Academic journal article Information Technology and Libraries

The Expert Cataloging Assistant Project at the National Library of Medicine

Academic journal article Information Technology and Libraries

The Expert Cataloging Assistant Project at the National Library of Medicine

Article excerpt

Over the last few years, the National Library of Medicine (NLM) has pursued the development of an expert system to assist catalogers with personal name authority work. This article reviews the project, from project and tool selection through knowledge engineering to evaluation, and discusses the reasons for deciding to redirect NLM's energies from development of an operational system to modification of the cataloging rules.

During 1985 and 1986 staff from the National Library of Medicine, the Library of Congress, and the National Agricultural Library met to discuss possibilities and plans for expert systems development in the area of technical services. NLM's Library Operations (LO) staff was interested in taking advantage of this promising new technology to enhance cataloging productivity and/or efficiency. Cataloging was selected since it is such an expensive activity and therefore a potential area for cost savings, and it requires both knowledge of a complex set of rules and their professional-level interpretation.

After much planning and discussion with staff in the NLM's research and development branch, the Lister Hill National Center for Biomedical Communications (LHC), a position for Systems Librarian in the Office of the Chief of the Technical Services Division (TSD) was established primarily, but not exclusively, to be the system developer for this project. As a librarian who had been a cataloger for three and a half years and who had taken courses on expert systems in library school, I was selected for this position in July 1989. Other NLM staff also have been involved in the project, including the chief and deputy chief of the division, for planning and oversight; two cataloging liaisons for their perspectives; and a computer scientist in Lister Hill for technical consultation.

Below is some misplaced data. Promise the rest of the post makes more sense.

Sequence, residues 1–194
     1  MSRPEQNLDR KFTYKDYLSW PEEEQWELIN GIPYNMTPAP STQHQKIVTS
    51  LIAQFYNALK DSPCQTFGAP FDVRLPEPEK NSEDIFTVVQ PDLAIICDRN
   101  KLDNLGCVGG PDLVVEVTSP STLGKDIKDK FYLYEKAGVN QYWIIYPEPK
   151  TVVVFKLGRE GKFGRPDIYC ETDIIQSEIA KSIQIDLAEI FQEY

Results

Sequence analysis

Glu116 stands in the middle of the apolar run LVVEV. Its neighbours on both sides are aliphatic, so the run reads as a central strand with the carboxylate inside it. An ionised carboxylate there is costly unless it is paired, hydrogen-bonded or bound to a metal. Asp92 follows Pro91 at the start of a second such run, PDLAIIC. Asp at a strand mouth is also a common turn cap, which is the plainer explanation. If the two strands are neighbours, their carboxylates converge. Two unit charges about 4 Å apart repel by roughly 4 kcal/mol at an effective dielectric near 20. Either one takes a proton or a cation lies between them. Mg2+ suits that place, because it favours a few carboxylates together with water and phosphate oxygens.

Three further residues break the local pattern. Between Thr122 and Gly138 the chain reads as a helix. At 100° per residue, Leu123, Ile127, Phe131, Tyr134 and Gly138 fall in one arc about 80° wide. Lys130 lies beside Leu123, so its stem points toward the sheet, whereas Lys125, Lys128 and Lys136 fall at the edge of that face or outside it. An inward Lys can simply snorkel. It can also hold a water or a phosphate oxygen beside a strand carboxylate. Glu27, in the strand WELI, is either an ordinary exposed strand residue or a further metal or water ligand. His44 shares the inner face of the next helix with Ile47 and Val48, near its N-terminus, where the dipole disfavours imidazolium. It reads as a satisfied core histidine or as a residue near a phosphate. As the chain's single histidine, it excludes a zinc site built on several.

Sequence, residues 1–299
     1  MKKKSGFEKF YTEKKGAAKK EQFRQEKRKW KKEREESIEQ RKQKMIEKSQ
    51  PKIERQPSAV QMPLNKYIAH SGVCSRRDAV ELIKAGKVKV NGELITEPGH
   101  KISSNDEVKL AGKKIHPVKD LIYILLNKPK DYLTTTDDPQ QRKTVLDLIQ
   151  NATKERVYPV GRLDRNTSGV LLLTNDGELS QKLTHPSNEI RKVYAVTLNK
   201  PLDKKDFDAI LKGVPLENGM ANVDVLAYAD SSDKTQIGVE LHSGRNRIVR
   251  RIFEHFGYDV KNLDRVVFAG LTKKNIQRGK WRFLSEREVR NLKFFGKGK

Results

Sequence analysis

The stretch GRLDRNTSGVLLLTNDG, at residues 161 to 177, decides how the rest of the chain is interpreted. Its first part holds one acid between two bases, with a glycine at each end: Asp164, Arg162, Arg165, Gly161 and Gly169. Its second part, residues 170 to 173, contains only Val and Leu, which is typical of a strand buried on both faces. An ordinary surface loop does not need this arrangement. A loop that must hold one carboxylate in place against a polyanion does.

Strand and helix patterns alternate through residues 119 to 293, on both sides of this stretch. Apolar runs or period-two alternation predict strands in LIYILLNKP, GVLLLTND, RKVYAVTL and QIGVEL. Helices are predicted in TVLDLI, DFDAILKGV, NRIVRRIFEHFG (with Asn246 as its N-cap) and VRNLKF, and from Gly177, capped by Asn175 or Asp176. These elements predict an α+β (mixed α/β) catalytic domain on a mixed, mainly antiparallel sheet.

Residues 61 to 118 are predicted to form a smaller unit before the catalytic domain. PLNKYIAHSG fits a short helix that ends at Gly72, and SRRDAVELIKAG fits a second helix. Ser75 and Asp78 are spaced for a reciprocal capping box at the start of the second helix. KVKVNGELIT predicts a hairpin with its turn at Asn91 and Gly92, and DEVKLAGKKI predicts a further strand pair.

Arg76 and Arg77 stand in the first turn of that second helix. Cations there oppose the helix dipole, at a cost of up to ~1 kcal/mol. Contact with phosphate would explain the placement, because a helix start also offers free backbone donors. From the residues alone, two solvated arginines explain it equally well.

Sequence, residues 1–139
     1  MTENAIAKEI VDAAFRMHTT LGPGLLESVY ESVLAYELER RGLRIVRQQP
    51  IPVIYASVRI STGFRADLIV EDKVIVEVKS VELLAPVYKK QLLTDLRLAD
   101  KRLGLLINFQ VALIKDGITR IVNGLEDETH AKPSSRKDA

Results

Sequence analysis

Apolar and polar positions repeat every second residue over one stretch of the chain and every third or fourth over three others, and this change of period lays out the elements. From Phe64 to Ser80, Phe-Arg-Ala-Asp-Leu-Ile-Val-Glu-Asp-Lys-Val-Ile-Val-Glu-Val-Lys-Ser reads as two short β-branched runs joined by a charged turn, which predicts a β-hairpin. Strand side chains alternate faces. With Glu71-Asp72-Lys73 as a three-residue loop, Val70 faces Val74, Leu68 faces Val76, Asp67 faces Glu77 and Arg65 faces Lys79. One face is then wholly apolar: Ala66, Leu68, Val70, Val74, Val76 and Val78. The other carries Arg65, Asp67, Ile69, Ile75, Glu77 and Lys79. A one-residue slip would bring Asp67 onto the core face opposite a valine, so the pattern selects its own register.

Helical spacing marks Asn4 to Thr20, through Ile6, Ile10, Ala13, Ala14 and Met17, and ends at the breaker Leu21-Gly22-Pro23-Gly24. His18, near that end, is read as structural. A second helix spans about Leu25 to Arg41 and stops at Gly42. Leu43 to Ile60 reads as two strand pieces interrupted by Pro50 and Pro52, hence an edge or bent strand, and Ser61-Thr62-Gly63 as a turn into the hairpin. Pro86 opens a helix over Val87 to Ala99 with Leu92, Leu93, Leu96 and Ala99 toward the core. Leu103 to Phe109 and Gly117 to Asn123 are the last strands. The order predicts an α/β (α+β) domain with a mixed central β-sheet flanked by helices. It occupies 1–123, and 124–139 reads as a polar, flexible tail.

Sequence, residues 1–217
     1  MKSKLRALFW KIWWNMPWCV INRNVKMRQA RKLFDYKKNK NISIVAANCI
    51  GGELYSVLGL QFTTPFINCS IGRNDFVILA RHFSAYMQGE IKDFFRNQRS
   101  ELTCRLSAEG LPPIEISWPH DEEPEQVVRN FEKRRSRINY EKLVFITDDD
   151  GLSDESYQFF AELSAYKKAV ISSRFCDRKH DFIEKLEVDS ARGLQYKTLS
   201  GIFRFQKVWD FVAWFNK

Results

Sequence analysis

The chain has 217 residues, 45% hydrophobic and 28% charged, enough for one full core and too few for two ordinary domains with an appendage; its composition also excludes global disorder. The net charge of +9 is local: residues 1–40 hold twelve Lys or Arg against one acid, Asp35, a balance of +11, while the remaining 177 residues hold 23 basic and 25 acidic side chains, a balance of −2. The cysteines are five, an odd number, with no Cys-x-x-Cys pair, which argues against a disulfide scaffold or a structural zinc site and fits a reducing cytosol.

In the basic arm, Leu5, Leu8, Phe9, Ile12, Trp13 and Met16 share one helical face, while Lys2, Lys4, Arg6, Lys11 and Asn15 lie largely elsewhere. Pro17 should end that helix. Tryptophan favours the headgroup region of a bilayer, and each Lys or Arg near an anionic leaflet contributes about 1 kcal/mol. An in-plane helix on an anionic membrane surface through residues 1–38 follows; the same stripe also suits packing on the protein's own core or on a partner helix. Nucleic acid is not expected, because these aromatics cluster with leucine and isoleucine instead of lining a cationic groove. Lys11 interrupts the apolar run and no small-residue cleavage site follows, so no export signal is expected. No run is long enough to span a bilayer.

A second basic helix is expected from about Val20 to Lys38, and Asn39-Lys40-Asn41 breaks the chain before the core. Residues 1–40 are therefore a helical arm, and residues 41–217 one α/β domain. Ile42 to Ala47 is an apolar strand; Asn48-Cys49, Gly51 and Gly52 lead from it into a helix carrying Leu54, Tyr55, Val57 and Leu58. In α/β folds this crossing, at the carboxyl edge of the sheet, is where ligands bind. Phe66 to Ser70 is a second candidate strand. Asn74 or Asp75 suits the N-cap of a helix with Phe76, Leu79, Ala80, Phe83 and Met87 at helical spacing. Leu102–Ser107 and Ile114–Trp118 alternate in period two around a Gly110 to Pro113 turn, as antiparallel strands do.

Planning the Project

The initial project objective was to use artificial intelligence and expert systems technology to reduce the level of human effort required in the costly cataloging process. Although TSD expected eventually to cover the whole range of cataloging, a manageable portion was needed for the initial stage of the project. Authority work was chosen because it is one of the most time-consuming, and therefore costliest, aspects of cataloging. (An in-house study conducted in 1986 showed that for monographs cataloging, NLM spent 45% of its cataloging time on authority work, compared with 36% on descriptive cataloging and 19% on subject cataloging and classification.) Authority work also requires significant training time for new catalogers. Expert systems technology is usually applied to activities where either a small amount of time can be saved on a short, but often repeated process or a large amount of time can be saved on a longer process. The project team chose to work on an activity of the first type, selecting personal names, which are the most frequently occurring name headings in NLM's catalog records.

The system was to be designed to assist the human cataloger in selecting the form of a personal name heading to be used in catalog records. The program would take the form of the name found in the bibliographic description, search NLM's and LC's name authority files, examine the search results, and download an LC authority record if appropriate. If a match was not found, the program would recommend to the cataloger what the correct form of the name should be according to the Anglo-American Cataloguing Rules, 2nd ed. (AACR2) and create the local authority record.

The project team planned for the initial knowledge base of the system to contain rules from AACR2 (especially chapter 22, "Headings for Persons"), the Library of Congress's Rule Interpretations (LCRI) for those AACR2 rules, local NLM practice, communications protocols for accessing NLM's and LC's computers, and search syntax for the name authority files. Then knowledge engineering techniques would be used to extract from professional catalogers information on how to construct authority file search statements based on the form of the name in the description, how to interpret search results, and how to apply the rules in the aforementioned tools. …

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